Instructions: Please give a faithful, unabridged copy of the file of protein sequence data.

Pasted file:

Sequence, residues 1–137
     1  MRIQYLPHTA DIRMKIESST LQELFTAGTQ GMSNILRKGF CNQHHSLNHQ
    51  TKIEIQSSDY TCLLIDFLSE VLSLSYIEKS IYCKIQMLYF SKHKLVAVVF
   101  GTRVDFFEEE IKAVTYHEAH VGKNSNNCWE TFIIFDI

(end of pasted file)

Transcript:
Sequence, residues 1–137
     1  MRIQYLPHTA DIRMKIESST LQELFTAGTQ GMSNILRKGF CNQHHSLNHQ
    51  TKIEIQSSDY TCLLIDFLSE VLSLSYIEKS IYCKIQMLYF SKHKLVAVVF
   101  GTRVDFFEEE IKAVTYHEAH VGKNSNNCWE TFIIFDI